The Drowning of Arthur Braxton is a book that will have you both laughing and crying. I'm looking forward to reading Caroline's next book.

The Drowning of Arthur Braxton is available from your favourite online or offline book retailer. 

The publisher kindly supplied me a copy of this book. 

Tuesday, 9 April 2013

Guest Post: Caroline Smailes's Imaginary Bookshop

To celebrate this week's launch of The Drowning of Arthur Braxton, published by The Friday ProjectCaroline Smailes has answered the Imaginary Bookshop questions and her answers are fabulous.


I will be reviewing The Drowning of Arthur Braxton later this week. Preview: It's great!

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Hi Caroline, congratulations on the publication of The Drowning of Arthur Braxton and thank you for popping over to Writer’s Little Helper.

What would be the name of your imaginary bookshop? The lighthouse. That’s possibly a rubbish name for a bookshop, but I’m all for ‘saying what you see’.

Where would your imaginary bookshop be located? In a lighthouse, but not a lighthouse by the sea or on rocks. My bookshop would be a lighthouse in the middle of a town. It would look wonky, some would tut at it, others would whisper that it’s an eyesore. Not everyone would want to step inside my bookshop. I would think it to be the most beautiful place in the world.

Would your bookshop have any special features? E.g. a performing stage, a cocktail bar, etc. There would be disco balls, a roller-rink and power ballads from the 1980s available in headsets (free of charge). This would be on the top floor, so disco balls would emit light from a system of lamps and lenses and aid navigation to the shop. I fear that has nothing to do with books, but I’d quite like the top floor of my shop to host something a little bit different. There would be free cake in my bookshop, far too much cake, squishy sofas and people who liked to smile in my bookshop. The staff will love books and cake, there will be curves to hide in, as not everyone likes to be seen. (JB - Please can I have a job?)

What would make your bookshop different from all of the other ones? Possibly it being in a lighthouse, but mainly it would be a safe place, it would be an escape from the real world. My lighthouse would be open when it was both dark and light.

What sections would you have in your bookshop? And what sections would you ditch?
I’d possibly ditch ALL sections and the alphabetical ordering system. I’d have all the delicious books muddled together on shelves that curve around the walls. My bookshop would be about searching, about climbing spiral staircases to stumble on a gem, about taking the time to discover a new book. The books would be dusty and wanting to be taken home.

Every bookshop needs a display table. Which books would you have on your display table? Why? I don’t think I’d like a display table. I quite like the idea of all the books being equal, of them all waiting to be found. A display table would suggest that some of the books are better than others, that they deserve to be chosen before those waiting on the shelves. I’d like the finder to not have been influenced, for the exploration to be within their control.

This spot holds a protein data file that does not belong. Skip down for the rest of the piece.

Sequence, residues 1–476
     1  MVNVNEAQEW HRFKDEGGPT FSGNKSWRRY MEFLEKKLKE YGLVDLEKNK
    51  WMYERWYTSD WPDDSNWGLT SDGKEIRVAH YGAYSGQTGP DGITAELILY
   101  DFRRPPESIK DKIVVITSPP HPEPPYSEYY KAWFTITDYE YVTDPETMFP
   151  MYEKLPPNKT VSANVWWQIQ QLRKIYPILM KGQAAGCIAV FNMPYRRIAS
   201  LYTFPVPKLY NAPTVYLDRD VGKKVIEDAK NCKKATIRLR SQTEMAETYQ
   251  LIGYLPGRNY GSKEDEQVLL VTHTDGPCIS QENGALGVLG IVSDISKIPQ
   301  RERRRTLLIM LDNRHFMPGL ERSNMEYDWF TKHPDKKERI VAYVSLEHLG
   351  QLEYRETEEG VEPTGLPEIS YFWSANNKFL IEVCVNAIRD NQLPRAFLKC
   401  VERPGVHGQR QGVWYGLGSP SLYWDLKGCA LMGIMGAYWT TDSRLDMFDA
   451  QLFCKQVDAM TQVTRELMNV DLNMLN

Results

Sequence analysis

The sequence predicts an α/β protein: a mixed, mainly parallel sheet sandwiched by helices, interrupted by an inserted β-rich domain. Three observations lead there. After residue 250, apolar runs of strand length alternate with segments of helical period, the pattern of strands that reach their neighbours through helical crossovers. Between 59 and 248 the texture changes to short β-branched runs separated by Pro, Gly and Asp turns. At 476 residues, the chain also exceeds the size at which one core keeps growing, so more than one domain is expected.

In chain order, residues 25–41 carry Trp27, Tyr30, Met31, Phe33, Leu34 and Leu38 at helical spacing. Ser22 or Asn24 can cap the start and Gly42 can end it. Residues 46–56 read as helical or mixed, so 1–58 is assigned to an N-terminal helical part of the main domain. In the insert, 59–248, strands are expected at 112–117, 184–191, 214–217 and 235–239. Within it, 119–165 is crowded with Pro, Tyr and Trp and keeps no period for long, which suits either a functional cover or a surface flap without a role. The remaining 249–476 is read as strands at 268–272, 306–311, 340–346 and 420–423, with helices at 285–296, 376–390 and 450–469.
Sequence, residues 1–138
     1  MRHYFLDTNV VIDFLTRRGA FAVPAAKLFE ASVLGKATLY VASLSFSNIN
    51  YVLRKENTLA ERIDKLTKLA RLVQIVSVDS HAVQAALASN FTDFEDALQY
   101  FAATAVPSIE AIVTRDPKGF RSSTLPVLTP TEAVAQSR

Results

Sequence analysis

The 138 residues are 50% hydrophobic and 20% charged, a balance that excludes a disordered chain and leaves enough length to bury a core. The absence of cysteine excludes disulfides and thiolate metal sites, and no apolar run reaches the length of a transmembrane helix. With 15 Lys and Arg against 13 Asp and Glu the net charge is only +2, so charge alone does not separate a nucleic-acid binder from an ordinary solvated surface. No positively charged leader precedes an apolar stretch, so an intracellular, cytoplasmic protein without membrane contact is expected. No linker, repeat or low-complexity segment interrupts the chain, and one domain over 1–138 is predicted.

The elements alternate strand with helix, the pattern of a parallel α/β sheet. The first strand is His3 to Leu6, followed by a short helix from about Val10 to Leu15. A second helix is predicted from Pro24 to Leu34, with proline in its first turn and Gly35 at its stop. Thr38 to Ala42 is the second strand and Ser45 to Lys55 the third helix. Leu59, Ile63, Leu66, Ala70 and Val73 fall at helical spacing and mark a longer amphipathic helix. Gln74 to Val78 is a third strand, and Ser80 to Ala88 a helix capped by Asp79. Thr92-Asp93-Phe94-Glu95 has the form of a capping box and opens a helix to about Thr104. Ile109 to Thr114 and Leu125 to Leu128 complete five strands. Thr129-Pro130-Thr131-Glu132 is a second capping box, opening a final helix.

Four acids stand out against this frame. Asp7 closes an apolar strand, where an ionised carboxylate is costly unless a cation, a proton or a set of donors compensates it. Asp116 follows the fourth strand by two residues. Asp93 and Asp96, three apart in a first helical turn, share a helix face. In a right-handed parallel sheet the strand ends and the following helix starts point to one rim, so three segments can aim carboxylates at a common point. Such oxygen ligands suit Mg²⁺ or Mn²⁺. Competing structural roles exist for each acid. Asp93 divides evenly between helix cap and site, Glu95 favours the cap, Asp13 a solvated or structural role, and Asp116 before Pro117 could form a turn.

If you could run only one author event who would you have? You can pick a living or dead writer. What sort of event would they run?
I’d like a Mad Hatter’s style tea party with Roald Dahl. Everyone would dress as a character from one of his books and we’d feast on huge cakes and drink tea from china cups. Mr Dahl would answer questions, then he’d read the first chapter of ‘Danny Champion of the World’ and the ‘Dirty Beards’ chapter from ‘The Twits’. The event wouldn’t be about selling books or a rushed frenzy for a signed copy. It would be about words and tea and cake. (Excellent choices!)

A customer comes up to your till with a copy of The Drowning of Arthur Braxton and asks you to give them a reason on why they should buy it. What would you say? I’d probably blush, stutter, then suggest a different book. I’d be absolutely rubbish at selling my own novels. But, if pushed, I’d ask if the customer believed in the power of love to bring redemption and hope to even the bleakest of childhoods. And if the customer nodded, I’d smile.

What sort of cake would you offer when launching your book in your bookshop? Never just one type, I’d have a selection: lemon drizzle with a crusted almond topping, Battenberg with additional marzipan, Christmas cake with cheese, Pavlova, tiny gingerbread people, individual portions of tiramisu, fig and almond cheesecake and a batch of pretty pastel macaroons.

CAROLINE SMAILES lives in the North West of England with her husband and three children. The Drowning of Arthur Braxton is her fifth novel. She can be found at www.carolinesmailes.co.uk and twitter.com/Caroline_S

Wednesday, 3 April 2013

Book Review: Entertaining Strangers

My review of Jonathan Taylor's Entertaining Strangers is now up at The View From Here Magazine.

Preview: It's really really good.

You can read it here > Entertaining Strangers